The roots of whakairo in Rimutaka
19 December 2011
The history of whakairo (carving), undertaken by prisoners in Te Whare Whakaahuru (the Maori Focus Unit) at Rimutaka Prison, dates back to the time of kaumātua Jock McKewen, a Scottish writer, composer and carver who was passionate about Māori development.
The Secretary of Māori and Island Affairs from 1963 until 1975, Jock McKewen in retirement masterminded the carvings for Kahukura, the meeting house at Orongomai Marae at Upper Hutt. He also led carving projects for houses at Rotorua, Pirinoa, Taita, Naenae and Upper Hutt colleges, as well as Waiouru military camp.
Two six-metre pou in Wellington's Michael Fowler Centre were made under his direction by prisoners of what is now Rimutaka Prison. At his insistence, the carvings were created away from the prison at a whare whakairo in the hills above Petone. Prisoners were escorted to this site daily to develop skills and cultural knowledge from Jock McKewen.
Teaching prisoners to carve at Wi Tako
Later, Te Ati Awa Rangatira Ralph Love assisted him in teaching prisoners to carve at Wi Tako Prison at Trentham – now known as Rimutaka Prison.
The legacy of Jock McKewen has been the subject of discussion in recent months. Moana Tipa, Prison Arts Advisor, Arts Access Aotearoa visited Te Whare Whakaahuru in November 2011, where she met with Jim Morgan, Residential Manager, and kaiwhakairo Kereopa Wharehinga.
“It was late in the day to be visiting,” Moana says of this recent visit. “The wing was preparing to lock down for the evening as we approached the Maori Focus Unit, situated towards the hills at the back of the Rimutaka site.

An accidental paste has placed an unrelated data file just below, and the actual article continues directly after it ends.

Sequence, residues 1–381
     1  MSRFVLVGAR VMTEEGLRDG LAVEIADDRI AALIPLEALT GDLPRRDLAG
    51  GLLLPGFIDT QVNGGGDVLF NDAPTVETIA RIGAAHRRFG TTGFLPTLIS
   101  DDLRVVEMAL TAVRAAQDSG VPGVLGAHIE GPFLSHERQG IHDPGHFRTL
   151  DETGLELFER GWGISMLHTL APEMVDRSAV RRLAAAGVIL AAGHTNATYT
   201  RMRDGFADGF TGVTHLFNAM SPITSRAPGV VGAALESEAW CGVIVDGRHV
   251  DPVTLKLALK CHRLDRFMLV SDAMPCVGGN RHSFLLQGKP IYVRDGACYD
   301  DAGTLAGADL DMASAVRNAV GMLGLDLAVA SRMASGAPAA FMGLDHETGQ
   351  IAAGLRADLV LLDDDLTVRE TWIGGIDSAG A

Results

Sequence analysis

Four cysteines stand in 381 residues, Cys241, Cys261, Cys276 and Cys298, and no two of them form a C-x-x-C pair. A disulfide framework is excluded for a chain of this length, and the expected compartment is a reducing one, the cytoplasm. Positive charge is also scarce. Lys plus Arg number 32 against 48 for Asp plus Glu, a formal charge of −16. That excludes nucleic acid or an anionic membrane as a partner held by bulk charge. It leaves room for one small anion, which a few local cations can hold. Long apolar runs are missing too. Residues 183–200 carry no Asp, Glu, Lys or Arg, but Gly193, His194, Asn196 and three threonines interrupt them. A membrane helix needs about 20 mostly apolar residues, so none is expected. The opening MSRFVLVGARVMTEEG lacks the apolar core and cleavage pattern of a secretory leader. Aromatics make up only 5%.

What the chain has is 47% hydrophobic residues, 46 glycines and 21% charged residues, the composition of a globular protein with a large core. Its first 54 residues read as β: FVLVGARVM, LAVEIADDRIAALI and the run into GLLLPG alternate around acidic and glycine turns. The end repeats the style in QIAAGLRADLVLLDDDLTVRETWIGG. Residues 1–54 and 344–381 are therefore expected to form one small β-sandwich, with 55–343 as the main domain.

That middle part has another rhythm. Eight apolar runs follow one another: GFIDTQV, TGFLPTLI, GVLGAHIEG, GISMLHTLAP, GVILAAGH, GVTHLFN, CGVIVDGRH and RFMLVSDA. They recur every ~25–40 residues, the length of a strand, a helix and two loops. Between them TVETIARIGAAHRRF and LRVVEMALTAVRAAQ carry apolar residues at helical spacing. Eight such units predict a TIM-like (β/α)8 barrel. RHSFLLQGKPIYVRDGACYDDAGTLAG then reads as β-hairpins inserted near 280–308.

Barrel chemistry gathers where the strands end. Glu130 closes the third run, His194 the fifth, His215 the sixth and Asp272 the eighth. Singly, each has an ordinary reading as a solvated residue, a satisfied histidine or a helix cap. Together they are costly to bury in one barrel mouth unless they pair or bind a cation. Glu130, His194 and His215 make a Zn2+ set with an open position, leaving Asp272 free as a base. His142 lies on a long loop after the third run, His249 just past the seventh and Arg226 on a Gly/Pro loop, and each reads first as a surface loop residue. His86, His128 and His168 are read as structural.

“I noticed a well-tended vegetable garden and closer to the entry, plots of well-tended roses were all flourishing.
“Through the gates, we walked to the ‘carving shed’. The sense of tikanga – a tangible and established creative order and way of working – was obvious here, even though viewing was from the front of the building and some distance from the work. Still, the MÄori aesthetic – the quality of carving, the generous design and skillfully carved lines – was refreshing to see.
“This humble wÄnanga whakairo is a place of learning, a place of respect for the artform and for each other. There were no surprises to discover that the practice of whakairo has brought new disciplines and responsibilities to the tradition of prison carving over the past year.”
New protocols established
Through the vision of Jim and Kereopa, new protocols have been established. Carving is focused on community-based projects as a sole means of building skill and new knowledge, in preparation for career pathways prior to the men’s release.
“Men do not carve personal items for themselves, for families, for staff, or for exchange or favour of other prisoners,” Jim explains. “This ruling removes any shadow of doubt about who the carvings are made for. It leaves no room for negotiation and it keeps everyone in a safe place.”
Kereopa has been involved with the unit’s whakairo programme for a year. “Prisoners might carve up to five hours a day. A lot of reading and research also go with this kaupapa,” he says.
Photographic portfolios document the various projects undertaken by the men. Some of these projects have been commissions for Te Ati Awa and Wellington City Council, and a carved waharoa for the Makara urupa.
Prior to that, a poupou was completed for Te Ati Awa and installed at the Walter Nash Park in Taita to commemorate and honour Wi Tako (Wiremu Tako Ngatata). A Te Ati Awa chief born in Taranaki, Wi Tako migrated with his people to the Cook Strait region in 1832. He was a skilled writer and throughout his life defended the cause of justice. In 1872, he was appointed to the Legislative Council.
Jim Morgan continues to be prompted by the legacy of Jock McKewen and the whare whakairo established for prisoners in the hills above Petone. He is interested in seeing a similar community-based, release-to-work carving initiative established where prisoners can continue to work after their release.